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JEFFREY A. WEILL, SR. v. KARLA WATKINS BAILEY
¶1. Karla Watkins Bailey, former court administrator to Hinds County Circuit Court Judge Jeffrey A. Weill Sr., filed a complaint against Judge Weill in his individual capacity, alleging that he had committed libel against her. Bailey's complaint and amended complaint were based on language in a footnote contained in four orders entered by Judge Weill in separate criminal cases that were before him. The alleged libelous language in the orders provided that Bailey had been reprimanded by Judge Weill for engaging in improper ex parte communications while she was his court administrator and she had added a certain public defender as counsel of record in her current position as deputy clerk.
¶2. Judge Weill filed a motion to dismiss Bailey's complaint and amended complaint, raising several grounds for dismissal, including judicial immunity. The trial court denied the motion and ordered the parties to commence discovery. Judge Weill filed a petition for interlocutory appeal. The Court granted the petition. We hold that the trial court erred by failing to correctly apply the doctrine of judicial immunity to Bailey's claim that Judge Weill libeled her via the underlying orders. Accordingly, the trial court's order is reversed and we remand for further proceedings consistent with the instant opinion.
¶3. On April 16, 2015, Bailey filed a complaint in the County Court of Hinds County against Judge Weill in his individual capacity alleging “libel, slander, defamation of character, intentional infliction of emotional distress, negligent infliction of emotional distress, intentional interference with an advantageous situation, negligent interference with an advantageous situation, making defamatory statements with the intent to deprive [Bailey] of her job, defamation of character, harassment, general negligence in releasing information that [was] not accurate or supported by facts.”
¶4. Bailey was employed as Judge Weill's court administrator from January 2011 until November 29, 2012. Bailey claimed that during her employment, Judge Weill engaged in a pattern of abusive language and disrespectful actions against her. Bailey alleges that, after she left her position as court administrator, a dispute developed between Judge Weill and Hinds County Public Defender Alison Kelly. In the midst of the dispute, Kelly filed motions requesting that Judge Weill recuse himself from fifty-six criminal cases that she had been assigned and in which she was counsel of record. On February 10, 2015, Judge Weill entered separate orders denying Kelly's multiple motions. Four of the orders (February 2015 orders) also addressed a motion for clarification of representation that Kelly also had filed in the criminal cases. Bailey alleges that the following language, found in a footnote appearing in each of the four orders, libeled her:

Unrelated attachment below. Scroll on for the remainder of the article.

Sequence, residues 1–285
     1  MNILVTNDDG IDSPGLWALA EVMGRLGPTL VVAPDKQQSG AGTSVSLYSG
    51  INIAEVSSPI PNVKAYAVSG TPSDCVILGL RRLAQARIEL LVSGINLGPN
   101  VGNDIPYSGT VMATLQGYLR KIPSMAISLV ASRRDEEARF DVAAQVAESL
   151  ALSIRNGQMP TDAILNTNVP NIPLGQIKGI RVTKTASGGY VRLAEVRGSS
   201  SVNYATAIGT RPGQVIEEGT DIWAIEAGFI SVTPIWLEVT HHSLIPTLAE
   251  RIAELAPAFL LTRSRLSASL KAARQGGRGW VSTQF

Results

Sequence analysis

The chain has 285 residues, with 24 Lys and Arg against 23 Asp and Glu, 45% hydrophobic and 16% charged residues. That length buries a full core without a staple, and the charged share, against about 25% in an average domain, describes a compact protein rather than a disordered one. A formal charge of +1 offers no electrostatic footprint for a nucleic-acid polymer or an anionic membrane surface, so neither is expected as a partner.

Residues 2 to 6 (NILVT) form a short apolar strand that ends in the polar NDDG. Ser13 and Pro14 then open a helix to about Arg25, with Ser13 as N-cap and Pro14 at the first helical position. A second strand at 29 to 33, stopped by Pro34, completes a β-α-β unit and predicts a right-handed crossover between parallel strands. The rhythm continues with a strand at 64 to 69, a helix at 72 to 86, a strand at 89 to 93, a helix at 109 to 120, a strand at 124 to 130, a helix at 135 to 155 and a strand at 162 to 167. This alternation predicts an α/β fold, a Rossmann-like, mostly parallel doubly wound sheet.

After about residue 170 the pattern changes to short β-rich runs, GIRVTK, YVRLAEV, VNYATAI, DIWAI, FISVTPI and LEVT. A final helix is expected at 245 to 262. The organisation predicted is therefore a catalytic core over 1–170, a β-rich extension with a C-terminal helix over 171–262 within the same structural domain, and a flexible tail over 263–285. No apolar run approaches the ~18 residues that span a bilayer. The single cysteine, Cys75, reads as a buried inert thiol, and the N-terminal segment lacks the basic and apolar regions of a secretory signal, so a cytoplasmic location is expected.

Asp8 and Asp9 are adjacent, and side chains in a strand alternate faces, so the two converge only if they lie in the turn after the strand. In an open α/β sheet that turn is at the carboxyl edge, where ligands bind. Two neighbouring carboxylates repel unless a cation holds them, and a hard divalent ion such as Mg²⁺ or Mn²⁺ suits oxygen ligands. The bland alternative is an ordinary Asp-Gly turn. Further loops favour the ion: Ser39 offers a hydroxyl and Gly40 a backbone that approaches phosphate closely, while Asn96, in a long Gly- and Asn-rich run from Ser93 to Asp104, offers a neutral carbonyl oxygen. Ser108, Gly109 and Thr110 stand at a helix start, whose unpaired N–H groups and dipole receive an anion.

The Court notes that the entry of the Motion for Clarification was made by Deputy Clerk Karla Bailey, f/k/a Karla Watkins, who was previously employed as the court administrator for the undersigned and who resigned after being reprimanded for improper ex parte contacts with Ms. Kelly about substantive issues involving the criminal docket. It is presumed that since Ms. Bailey was the deputy clerk who entered the Motion for Clarification, she is also responsible for adding Ms. Kelly's name as an attorney of record.
¶5. Bailey addressed the February 2015 orders in her complaint:
In the [o]rders, [Judge Weill] specifically named [Bailey] and falsely stated [he] had reprimanded [Bailey] for making improper ex parte contacts with Ms. Kelly. Judge Weill also stated it was his assumption that since [Bailey] was a deputy clerk in the Hinds County Clerk's office she was the one who entered the Motion for Clarification and she was the one who added Ms. Kelly's name to the document. Judge Weill continues to make false statements about [Bailey] and her character as he continues his ill-conceived vendetta to discredit Ms. Kelly and attack her character.